One of my long-standing pet peeves in the wine industry has to due with wine packaged in massive bottles. The design of these bottles is meant to impress people looking at wines on a retail shelf. My issues with these heavy bottles started while a Sommelier. Pulling one of these beasts off a shelf at a store may make one feel important, but carrying two or three bottles to a table of twenty then serving them is like going to the gym. The reason for those massive bottles is sales—market research has shown that bigger bottles get more attention in stores. Yet most of the wines in the big bottles are focused on restaurant and direct ship markets, two areas where size really is a pain and in the case of direct shipment, more costly and less green. Just to clarify, the big bottles I speak of do not hold more wine, but the same amount (750ml) as a typical bottle. Recently, a bottle of Pahlmeyer Red was open on my kitchen counter. I went to pour a touch only to discover the bottle empty! I couldn’t tell by the weight of the bottle whether it was totally full or empty (talk about disappointment).
There are some wonderful bottle designs that I do like. Some are great because of the shape, while others have great labels or closures. Closure is wine-speak for what keeps the wine in the bottle—a real cork, a fake cork, a screw cap, a crown-cap (think beer), a glass-closure. Due to the cost and failure rate of real corks, many producers are using screw caps and other methods of closure. Some screw caps almost look like a normal wine cap with a cork, until you go to open it. And glass closures have the elegance and natural character that make them closest to a real cork. I am not a fan of fake corks (corks made of some synthetic product). They are difficult to remove, close to impossible to put back into the bottle and they don’t seal the wine as well as either a screw cap, a glass closure or a real cork.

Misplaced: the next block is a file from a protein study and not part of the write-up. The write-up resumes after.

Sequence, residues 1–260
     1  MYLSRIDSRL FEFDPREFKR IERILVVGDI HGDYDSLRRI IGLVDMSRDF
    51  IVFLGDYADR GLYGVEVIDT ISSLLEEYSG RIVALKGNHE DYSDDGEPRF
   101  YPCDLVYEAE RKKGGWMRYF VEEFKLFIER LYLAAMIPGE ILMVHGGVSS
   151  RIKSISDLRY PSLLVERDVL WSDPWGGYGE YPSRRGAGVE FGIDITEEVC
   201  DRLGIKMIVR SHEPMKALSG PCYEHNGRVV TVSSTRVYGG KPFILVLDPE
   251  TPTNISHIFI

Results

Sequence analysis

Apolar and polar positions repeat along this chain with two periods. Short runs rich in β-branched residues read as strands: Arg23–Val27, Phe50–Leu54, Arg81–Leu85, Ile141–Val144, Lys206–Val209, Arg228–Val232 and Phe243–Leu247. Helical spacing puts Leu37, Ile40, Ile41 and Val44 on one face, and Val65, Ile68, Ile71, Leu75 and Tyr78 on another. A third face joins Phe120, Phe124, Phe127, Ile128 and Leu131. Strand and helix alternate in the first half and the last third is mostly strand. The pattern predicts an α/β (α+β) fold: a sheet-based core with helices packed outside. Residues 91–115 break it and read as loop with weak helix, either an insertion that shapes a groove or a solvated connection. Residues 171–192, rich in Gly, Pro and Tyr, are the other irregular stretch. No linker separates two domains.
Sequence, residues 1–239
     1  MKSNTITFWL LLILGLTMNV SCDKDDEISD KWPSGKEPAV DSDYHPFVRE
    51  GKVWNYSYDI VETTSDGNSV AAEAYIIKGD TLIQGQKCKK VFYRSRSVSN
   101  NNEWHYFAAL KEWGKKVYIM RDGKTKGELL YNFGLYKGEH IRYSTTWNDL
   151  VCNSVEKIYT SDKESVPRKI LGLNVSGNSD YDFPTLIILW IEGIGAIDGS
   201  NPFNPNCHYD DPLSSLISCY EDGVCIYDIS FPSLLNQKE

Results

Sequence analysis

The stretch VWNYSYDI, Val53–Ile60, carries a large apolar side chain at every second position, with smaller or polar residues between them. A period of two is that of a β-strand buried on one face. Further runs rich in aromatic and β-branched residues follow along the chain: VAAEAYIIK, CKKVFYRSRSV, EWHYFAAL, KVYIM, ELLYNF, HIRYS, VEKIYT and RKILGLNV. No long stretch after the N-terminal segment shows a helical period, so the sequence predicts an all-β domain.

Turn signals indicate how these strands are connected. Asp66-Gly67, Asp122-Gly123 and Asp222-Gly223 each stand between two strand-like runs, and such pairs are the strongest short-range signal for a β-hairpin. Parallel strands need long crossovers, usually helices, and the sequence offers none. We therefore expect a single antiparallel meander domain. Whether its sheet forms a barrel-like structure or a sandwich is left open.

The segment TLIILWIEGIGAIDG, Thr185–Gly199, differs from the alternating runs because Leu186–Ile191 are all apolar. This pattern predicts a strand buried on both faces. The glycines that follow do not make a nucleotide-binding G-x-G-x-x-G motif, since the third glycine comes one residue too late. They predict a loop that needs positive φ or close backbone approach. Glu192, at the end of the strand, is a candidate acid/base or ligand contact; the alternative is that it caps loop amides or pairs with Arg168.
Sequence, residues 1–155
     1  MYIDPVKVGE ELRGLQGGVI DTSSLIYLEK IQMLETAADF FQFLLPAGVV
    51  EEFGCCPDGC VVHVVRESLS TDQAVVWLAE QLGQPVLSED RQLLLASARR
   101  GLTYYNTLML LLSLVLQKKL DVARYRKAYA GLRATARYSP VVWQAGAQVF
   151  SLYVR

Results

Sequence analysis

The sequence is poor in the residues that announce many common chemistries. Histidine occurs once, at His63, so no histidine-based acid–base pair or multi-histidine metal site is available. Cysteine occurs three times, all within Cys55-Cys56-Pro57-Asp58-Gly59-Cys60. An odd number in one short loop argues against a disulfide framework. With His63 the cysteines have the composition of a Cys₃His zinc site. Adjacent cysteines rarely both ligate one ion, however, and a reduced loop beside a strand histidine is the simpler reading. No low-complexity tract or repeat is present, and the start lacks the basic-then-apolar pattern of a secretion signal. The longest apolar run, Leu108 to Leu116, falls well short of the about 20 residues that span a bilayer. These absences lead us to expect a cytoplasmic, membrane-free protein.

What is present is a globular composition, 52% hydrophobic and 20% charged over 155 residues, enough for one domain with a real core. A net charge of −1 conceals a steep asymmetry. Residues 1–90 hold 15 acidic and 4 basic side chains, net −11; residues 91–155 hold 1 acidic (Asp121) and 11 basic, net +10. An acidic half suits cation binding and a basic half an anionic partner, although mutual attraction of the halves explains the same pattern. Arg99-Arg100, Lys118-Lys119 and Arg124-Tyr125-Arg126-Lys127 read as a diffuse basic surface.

As for bottle design, there are producers that are beginning to use lighter glass to lighten their carbon footprint and there are bottles of all kinds of shapes and styles. These can be fun and cool, but sometimes offer problems with storage bins in wine cellars. A new trend in wine is having some information about the wine on the back label and even more available at a website. This is great for the curious, but the information can vary greatly from just a tease to way more than even the most wine savvy or curious would want. A winery’s web presence can help enhance their brand awareness and their brand image, so there has been great innovation in that area. Sometimes it helps the brand, sometimes it hurts, but when you find a wine that intrigues you, take a moment to visit their website.